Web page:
Contrasting vertical forms of lime Lomandra grasses with darker, wider leaves above

Just as important as colour are form and texture and the key word here is contrast.  A whole garden of non-descript, small leaved, 1.5m native shrubs is never going to capture the imagination.

Australian natives on home garden scale. Janna Schreier

Rusted metal planters extend the colour theme into the hard landscaping. Tightly pruned evergreens bring structure to this Cranbourne setting, just as they often do in European gardens

Just as with exotic gardens, we need to create a series of complementary combinations; vertical spikes with mounds, furry with glossy, strappy with ovate, rough with smooth, narrow with wide. Our eyes are attracted to contrasts.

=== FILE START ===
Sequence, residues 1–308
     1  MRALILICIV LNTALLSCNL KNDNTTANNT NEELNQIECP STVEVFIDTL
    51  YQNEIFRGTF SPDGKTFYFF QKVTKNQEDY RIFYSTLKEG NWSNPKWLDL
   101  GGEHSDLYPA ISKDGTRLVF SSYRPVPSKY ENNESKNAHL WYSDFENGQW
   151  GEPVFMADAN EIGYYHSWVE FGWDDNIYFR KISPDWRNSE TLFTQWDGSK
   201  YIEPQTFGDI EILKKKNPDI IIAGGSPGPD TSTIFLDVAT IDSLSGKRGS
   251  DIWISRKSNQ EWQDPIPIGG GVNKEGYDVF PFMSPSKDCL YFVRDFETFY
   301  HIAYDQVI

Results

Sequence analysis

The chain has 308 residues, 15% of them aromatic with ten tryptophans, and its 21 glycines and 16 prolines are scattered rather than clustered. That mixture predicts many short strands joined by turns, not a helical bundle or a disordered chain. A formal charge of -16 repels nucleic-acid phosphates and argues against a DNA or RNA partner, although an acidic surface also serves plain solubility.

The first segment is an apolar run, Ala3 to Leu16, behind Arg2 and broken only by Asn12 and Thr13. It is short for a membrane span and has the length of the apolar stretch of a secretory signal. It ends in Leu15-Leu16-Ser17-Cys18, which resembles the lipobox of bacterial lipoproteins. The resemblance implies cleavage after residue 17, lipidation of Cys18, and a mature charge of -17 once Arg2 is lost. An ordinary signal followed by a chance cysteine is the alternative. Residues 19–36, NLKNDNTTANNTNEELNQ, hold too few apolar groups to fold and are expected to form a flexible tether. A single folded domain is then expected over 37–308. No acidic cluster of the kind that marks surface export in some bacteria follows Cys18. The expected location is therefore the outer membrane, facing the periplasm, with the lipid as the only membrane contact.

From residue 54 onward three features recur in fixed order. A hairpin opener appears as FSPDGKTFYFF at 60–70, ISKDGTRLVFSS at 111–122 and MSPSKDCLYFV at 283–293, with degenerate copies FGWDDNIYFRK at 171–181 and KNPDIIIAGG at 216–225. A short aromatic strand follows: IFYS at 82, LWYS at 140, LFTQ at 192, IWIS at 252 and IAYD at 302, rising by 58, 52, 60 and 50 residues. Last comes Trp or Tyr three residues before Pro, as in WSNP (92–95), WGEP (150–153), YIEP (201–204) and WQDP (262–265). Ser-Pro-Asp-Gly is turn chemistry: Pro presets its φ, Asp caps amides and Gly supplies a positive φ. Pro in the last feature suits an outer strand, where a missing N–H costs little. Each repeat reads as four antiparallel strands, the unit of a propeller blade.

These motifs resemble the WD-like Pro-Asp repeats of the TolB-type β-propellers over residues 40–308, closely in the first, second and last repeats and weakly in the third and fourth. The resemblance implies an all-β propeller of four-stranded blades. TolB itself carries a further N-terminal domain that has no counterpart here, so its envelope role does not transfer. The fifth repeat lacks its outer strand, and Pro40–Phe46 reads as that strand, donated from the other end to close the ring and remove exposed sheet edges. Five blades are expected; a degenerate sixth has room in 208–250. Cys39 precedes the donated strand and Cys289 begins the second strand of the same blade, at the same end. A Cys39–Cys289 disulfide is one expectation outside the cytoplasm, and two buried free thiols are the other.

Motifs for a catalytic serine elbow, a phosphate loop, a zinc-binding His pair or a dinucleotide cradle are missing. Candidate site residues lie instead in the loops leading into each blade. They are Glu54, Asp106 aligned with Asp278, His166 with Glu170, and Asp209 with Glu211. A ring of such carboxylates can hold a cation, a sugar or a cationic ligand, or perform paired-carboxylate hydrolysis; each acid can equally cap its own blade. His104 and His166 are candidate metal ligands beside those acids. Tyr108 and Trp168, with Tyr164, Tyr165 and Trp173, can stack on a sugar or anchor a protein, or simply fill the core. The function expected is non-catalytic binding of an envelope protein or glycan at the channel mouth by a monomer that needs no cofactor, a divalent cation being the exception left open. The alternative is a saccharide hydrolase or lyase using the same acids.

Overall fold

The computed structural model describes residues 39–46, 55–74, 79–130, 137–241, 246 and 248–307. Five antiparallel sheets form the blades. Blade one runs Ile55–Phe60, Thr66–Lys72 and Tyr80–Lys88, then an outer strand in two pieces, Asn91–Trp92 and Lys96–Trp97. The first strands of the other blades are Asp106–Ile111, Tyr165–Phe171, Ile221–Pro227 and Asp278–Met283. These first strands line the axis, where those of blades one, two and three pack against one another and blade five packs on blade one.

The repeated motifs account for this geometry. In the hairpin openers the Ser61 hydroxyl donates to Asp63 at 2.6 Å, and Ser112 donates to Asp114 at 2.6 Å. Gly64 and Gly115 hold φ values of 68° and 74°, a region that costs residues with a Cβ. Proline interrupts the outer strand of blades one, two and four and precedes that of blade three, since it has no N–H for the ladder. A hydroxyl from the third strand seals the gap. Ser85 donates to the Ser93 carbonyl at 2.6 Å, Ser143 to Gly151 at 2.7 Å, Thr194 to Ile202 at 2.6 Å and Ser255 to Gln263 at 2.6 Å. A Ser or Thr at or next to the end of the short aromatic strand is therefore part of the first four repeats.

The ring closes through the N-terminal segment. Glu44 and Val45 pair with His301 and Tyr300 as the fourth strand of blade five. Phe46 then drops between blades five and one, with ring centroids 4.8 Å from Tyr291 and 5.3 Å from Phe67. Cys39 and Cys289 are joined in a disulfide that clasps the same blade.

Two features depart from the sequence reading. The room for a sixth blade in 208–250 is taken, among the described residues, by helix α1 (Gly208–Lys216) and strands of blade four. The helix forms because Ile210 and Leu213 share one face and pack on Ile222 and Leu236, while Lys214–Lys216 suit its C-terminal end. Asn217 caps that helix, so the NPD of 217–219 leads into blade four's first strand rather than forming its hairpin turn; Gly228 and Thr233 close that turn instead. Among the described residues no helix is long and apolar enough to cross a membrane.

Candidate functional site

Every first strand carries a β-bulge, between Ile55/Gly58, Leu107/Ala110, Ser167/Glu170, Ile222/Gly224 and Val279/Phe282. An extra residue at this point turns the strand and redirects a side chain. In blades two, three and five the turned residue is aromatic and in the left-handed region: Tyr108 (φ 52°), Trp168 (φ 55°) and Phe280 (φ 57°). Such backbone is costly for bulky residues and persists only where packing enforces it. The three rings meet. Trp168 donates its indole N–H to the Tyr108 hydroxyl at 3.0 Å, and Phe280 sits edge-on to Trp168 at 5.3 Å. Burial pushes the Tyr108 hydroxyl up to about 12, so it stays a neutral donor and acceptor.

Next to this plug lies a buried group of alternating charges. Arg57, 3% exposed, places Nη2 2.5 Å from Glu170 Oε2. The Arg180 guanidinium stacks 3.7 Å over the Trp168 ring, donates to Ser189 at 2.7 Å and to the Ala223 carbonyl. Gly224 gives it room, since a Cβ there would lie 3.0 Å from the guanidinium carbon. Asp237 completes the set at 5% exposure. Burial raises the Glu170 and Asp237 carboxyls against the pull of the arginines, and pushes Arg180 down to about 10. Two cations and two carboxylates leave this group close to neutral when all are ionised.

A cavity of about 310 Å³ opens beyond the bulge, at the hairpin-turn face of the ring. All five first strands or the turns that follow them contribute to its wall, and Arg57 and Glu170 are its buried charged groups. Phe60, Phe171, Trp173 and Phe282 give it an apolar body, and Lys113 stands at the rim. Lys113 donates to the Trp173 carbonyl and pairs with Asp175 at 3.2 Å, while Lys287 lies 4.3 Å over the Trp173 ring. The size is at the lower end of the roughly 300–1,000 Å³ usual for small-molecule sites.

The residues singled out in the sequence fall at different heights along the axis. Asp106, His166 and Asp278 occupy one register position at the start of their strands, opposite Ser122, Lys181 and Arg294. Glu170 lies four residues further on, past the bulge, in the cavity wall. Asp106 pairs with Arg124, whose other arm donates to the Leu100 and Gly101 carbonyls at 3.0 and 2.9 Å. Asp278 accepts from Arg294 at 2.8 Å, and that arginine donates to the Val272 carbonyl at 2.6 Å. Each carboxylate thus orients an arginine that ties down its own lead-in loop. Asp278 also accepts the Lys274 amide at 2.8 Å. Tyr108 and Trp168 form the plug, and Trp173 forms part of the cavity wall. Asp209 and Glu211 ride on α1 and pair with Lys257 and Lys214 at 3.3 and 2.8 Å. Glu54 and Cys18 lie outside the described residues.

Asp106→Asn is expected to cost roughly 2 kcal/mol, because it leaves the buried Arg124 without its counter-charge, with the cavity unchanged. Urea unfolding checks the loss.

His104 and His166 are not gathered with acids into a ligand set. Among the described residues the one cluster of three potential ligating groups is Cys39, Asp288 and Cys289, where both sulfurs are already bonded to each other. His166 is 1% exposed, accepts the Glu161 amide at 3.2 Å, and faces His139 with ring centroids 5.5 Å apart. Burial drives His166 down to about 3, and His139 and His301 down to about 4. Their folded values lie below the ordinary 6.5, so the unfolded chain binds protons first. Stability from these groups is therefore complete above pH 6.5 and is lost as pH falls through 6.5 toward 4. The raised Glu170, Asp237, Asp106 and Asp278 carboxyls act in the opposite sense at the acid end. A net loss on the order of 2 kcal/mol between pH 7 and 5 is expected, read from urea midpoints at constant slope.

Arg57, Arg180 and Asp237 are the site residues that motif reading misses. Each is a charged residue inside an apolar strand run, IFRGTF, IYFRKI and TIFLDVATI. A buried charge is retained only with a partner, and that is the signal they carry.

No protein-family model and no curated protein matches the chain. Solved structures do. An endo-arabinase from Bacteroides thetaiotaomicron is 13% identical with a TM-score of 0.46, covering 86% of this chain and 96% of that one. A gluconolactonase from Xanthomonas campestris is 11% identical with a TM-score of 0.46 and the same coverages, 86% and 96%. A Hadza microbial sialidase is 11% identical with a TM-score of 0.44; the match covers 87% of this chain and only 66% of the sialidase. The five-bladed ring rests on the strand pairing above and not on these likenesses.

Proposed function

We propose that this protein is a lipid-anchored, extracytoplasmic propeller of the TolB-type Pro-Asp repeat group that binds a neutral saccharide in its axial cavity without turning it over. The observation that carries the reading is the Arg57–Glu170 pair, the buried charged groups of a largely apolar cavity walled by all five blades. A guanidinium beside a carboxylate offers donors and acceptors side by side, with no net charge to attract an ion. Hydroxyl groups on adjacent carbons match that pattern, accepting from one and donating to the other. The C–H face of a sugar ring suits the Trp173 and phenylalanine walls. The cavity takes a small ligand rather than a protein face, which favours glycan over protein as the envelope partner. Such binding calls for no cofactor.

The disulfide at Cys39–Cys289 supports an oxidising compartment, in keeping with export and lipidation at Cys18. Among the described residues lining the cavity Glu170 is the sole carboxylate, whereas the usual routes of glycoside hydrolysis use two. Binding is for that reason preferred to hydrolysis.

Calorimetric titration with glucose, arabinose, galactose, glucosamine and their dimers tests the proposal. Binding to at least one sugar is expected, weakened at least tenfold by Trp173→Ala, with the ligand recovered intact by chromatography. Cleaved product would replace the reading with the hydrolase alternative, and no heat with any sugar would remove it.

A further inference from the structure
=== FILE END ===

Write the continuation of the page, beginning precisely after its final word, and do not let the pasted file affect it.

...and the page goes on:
Pruning can be used to form contrasts too – tightly pruned mounds look wonderful next to vertical foliage, large leaves and more open forms.

3. Full and healthy

Full, abundant beds make all the difference. Janna Schreier

Full, abundant beds at the front make all the difference. The beds behind look sparse and unloved

If you only have 20 plants, I would always plant them packed together in one small area, rather than spread out over a larger one. A full garden bed looks generous, vibrant, alive.  It accentuates the colours and the contrasts. Do what planting you do well; don’t worry if you need to have larger areas of gravel or lawn – the overall effect will have much greater impact. A lawn or gravelled area looks like it is supposed to be lawn or gravel.  An established garden bed with lots of exposed mulch looks like you skimped.